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Title: Feeding by Tropilaelaps mercedesae on pre- and post-capped brood increases damage to Apis mellifera colonies
Authors: Patcharin Phokasem
Lilia I. de Guzman
Kitiphong Khongphinitbunjong
Amanda M. Frake
Panuwan Chantawannakul
Keywords: Multidisciplinary
Issue Date: 10-Sep-2019
Abstract: Tropilaelaps mercedesae parasitism can cause Apis mellifera colony mortality in Asia. Here, we report for the first time that tropilaelaps mites feed on both pre- and post-capped stages of honey bees. Feeding on pre-capped brood may extend their survival outside capped brood cells, especially in areas where brood production is year-round. In this study, we examined the types of injury inflicted by tropilaelaps mites on different stages of honey bees, the survival of adult honey bees, and level of honey bee viruses in 4th instar larvae and prepupae. The injuries inflicted on different developing honey bee stages were visualised by staining with trypan blue. Among pre-capped stages, 4th instar larvae sustained the highest number of wounds (4.6 ± 0.5/larva) while 2nd-3rd larval instars had at least two wounds. Consequently, wounds were evident on uninfested capped brood (5th-6th instar larvae = 3.91 ± 0.64 wounds; prepupae = 5.25 ± 0.73 wounds). Tropilaelaps mite infestations resulted in 3.4- and 6-fold increases in the number of wounds in 5th-6th instar larvae and prepupae as compared to uninfested capped brood, respectively. When wound-inflicted prepupae metamorphosed to white-eyed pupae, all wound scars disappeared with the exuviae. This healing of wounds contributed to the reduction of the number of wounds (≤10) observed on the different pupal stages. Transmission of mite-borne virus such as Deformed Wing Virus (DWV) was also enhanced by mites feeding on early larval stages. DWV and Black Queen Cell Virus (BQCV) were detected in all 4th instar larvae and prepupae analysed. However, viral levels were more pronounced in scarred 4th instar larvae and infested prepupae. The remarkably high numbers of wounds and viral load on scarred or infested developing honey bees may have caused significant weight loss and extensive injuries observed on the abdomen, wings, legs, proboscis and antennae of adult honey bees. Together, the survival of infested honey bees was significantly compromised. This study demonstrates the ability of tropilaelaps mites to inflict profound damage on A. mellifera hosts. Effective management approaches need to be developed to mitigate tropilaelaps mite problems.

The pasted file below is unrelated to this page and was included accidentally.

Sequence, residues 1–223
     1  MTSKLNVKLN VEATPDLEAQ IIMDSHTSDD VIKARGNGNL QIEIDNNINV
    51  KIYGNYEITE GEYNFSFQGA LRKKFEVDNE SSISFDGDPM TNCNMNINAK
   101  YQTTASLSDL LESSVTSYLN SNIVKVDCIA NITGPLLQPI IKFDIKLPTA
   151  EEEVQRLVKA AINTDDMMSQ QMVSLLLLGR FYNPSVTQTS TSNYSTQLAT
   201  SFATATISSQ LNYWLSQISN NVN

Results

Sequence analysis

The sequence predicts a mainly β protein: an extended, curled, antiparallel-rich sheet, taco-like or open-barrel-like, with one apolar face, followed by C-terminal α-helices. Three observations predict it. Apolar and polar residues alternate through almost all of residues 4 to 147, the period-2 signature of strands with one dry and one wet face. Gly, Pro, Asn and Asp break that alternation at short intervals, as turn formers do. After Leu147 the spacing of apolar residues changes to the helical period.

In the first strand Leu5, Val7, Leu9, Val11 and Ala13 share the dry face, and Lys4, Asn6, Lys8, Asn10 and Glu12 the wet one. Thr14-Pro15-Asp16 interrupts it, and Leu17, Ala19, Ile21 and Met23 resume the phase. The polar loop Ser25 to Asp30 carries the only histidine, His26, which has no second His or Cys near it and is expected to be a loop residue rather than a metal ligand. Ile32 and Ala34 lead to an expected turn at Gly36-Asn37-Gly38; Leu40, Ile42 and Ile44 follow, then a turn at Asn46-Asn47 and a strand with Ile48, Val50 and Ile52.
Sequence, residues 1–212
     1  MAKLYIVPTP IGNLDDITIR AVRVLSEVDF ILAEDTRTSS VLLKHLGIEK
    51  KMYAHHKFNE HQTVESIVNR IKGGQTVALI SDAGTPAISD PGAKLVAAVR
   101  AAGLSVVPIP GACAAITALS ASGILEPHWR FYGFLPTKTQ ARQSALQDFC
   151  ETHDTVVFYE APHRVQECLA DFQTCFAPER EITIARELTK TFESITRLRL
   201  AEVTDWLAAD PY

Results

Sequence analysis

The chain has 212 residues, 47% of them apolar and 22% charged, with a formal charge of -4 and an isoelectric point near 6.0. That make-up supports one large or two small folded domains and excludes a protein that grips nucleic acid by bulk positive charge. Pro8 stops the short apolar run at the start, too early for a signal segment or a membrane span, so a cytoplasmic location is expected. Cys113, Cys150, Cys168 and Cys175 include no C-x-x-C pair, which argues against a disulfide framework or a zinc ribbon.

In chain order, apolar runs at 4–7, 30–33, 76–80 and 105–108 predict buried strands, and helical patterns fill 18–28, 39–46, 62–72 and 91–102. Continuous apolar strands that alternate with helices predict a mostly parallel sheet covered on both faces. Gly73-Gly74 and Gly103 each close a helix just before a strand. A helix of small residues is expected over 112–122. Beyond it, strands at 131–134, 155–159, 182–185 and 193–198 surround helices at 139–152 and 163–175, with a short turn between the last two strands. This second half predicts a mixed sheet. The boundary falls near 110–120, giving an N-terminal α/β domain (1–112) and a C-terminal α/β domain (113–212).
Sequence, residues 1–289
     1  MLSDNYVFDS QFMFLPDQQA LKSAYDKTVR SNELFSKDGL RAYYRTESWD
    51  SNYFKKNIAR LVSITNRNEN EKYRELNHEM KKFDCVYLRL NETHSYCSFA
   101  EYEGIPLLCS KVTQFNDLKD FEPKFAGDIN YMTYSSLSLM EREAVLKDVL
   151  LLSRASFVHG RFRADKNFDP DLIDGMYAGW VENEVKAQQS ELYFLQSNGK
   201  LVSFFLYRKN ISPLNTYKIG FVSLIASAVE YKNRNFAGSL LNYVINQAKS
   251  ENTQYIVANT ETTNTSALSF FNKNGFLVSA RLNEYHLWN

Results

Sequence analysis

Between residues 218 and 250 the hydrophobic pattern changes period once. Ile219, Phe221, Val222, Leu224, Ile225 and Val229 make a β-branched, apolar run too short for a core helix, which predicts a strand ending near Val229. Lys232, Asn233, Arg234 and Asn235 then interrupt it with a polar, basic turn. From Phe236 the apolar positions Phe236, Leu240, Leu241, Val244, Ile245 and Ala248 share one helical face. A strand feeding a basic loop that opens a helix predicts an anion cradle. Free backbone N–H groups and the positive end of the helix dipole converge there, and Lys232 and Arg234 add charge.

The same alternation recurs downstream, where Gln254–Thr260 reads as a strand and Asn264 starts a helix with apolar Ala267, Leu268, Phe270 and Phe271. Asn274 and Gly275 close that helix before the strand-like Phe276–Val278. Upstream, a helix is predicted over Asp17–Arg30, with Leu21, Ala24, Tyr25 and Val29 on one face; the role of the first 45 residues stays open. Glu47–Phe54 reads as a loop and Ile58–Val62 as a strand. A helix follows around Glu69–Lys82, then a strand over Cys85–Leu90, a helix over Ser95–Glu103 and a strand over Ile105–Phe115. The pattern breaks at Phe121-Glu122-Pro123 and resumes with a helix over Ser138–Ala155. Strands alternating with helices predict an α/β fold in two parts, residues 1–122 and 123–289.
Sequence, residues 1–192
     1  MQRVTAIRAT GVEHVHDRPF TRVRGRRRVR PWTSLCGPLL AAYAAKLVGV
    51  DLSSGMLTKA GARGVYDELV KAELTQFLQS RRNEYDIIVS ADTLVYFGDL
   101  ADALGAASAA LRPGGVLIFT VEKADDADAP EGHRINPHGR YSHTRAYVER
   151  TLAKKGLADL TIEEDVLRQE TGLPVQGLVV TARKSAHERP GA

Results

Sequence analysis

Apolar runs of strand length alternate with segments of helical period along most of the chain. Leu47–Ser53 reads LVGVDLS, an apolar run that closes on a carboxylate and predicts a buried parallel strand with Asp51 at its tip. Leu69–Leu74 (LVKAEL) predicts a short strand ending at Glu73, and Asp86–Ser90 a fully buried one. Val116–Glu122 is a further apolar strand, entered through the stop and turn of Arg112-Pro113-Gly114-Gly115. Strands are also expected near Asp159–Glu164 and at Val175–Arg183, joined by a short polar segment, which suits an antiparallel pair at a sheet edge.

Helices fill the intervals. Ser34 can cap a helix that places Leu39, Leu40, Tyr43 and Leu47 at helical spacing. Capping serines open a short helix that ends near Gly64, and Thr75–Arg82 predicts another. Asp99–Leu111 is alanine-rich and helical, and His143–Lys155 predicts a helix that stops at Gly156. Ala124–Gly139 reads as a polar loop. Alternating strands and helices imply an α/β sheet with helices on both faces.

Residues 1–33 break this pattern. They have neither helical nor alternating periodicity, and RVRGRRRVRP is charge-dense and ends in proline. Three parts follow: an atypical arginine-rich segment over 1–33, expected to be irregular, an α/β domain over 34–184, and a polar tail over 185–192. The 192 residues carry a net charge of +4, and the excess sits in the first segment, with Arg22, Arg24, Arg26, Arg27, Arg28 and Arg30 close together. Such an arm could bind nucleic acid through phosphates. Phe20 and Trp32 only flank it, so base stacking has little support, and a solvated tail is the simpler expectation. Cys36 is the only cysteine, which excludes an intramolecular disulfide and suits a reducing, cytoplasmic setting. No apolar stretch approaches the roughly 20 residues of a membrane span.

ISSN: 20452322
Appears in Collections:CMUL: Journal Articles

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